Frank Quattrone: King of Tech IPOs Reclaims Tarnished Crown

Silicon Valley's money machine rebooted

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    NEWSLETTERS

    AP
    Investment banker Frank Quattrone is back in the IPO business.

    An Internet company is going public, and an investment banker stands to make a mint.

    What is this, the '90s?

    People hearing about this week's IPO of QuinStreet, a Foster City, Calif.-based Internet marketing company, could be forgiven if they're having flashbacks -- especially when they hear about the moneyman behind it. Frank Quattrone, who helped take companies like Netscape, Amazon.com, and VA Linux public at Morgan Stanley and Credit Suisse during the dotcom boom, is back in business.

    The comeback is all the more astonishing given Quattrone's past. As prosecutors looked to pin the dotcom bust on Wall Street bankers, Quattrone sent Credit Suisse employees an email with the subject line "Re: Time to clean up those files" -- an instruction which led to two charges of obstruction of justice.

    At one point, Quattrone looked like he was on his way to becoming the "Michael Milken of Silicon Valley," Business 2.0 columnist John Heilemann wrote in 2003. He went through two trials, one ending in mistrial and the second in a conviction. But an apeals court overturned that conviction, and ultimately, the government ended up dropping all charges in 2007. (Bob Chlopak, a lawyer who represented Quattrone, notes that a colleague of Quattrone's wrote the original "Time to clean up those files" subject line, and Quattrone merely replied-all to that email.)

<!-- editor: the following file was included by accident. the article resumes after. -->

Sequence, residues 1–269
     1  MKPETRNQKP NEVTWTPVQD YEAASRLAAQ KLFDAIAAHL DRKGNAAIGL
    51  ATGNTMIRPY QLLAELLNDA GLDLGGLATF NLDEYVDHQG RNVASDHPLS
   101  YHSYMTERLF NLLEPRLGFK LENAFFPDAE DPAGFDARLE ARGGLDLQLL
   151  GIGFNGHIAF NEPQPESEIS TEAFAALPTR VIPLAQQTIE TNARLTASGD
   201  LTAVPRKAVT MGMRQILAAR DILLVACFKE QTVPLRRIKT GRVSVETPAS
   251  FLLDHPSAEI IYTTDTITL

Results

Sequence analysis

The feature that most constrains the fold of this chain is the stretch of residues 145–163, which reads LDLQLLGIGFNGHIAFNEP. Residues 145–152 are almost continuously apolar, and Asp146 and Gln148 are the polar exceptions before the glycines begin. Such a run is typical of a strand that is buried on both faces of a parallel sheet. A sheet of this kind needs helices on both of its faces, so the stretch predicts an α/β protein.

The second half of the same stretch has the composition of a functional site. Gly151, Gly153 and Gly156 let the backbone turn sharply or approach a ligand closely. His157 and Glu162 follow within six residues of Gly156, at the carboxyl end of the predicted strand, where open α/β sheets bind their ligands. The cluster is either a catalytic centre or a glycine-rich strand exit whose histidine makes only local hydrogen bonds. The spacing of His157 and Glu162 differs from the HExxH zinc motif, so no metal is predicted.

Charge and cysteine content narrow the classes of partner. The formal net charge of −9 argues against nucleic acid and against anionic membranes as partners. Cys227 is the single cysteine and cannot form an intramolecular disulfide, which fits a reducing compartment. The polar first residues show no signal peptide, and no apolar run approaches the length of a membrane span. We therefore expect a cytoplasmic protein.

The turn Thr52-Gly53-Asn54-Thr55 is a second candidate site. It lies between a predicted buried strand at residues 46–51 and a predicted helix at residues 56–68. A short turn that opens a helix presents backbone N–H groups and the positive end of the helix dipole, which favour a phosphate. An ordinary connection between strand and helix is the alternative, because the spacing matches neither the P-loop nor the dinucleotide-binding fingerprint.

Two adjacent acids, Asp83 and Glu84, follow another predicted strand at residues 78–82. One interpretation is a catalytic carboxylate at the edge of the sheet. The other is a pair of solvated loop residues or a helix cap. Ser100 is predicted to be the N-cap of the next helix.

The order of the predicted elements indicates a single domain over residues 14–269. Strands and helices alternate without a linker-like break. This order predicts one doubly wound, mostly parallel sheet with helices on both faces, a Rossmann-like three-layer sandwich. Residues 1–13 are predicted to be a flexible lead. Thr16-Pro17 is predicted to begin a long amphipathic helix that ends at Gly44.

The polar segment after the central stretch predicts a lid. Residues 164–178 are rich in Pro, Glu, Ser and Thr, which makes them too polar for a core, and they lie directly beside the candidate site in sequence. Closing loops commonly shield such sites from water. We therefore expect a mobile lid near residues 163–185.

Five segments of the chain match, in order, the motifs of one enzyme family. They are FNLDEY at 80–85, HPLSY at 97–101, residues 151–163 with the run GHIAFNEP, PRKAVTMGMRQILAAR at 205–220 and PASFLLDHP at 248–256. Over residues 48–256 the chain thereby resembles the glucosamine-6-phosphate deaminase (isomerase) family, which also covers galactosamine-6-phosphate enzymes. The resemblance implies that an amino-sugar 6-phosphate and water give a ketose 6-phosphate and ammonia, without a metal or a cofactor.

Since then, he's started a new company, Qatalyst Partners; worked as a mergers and acquisitions advisor to Google; and most recently, gotten back into the IPO game.

    The name is the same, but the game isn't. Taking companies public was a great business in the '90s, with Wall Street banks typically taking a 7 percent cut of the money raised, and often benefitting from shares they'd taken in companies while they were still private. With investors snapping up shares after an offering, it was easy money -- and Quattrone was among the best at it.

    The dotcom bust and Enron and Worldcom's scandals put an end to all that. Public companies face much more scrutiny today, and tech startups increasingly look to being acquired rather than go through the agonizing process of a public offering.

    Wall Street's banks, which once had armies of bankers in Silicon Valley, have largely abandoned the cradle of technology, leaving a void for Qatalyst to fill. Indeed, Qatalyst is teaming up with Quattrone's former employer, Credit Suisse, in the QuinStreet deal.

    “There is more friction these days to taking a high-quality company public than there has been in most of the last 25 years,” Quattrone told the New York Times in August.

    Quattrone's return, in other words, doesn't mean the market for tech stocks will instantly regain its bubbliness.

    Until Qatalyst takes a zeitgeist-defining company public -- say, Facebook or Twitter -- his comeback will remain incomplete.

    And when he does, people will forget the trials of his past decade. Money, as always, has an obliviating effect on memory.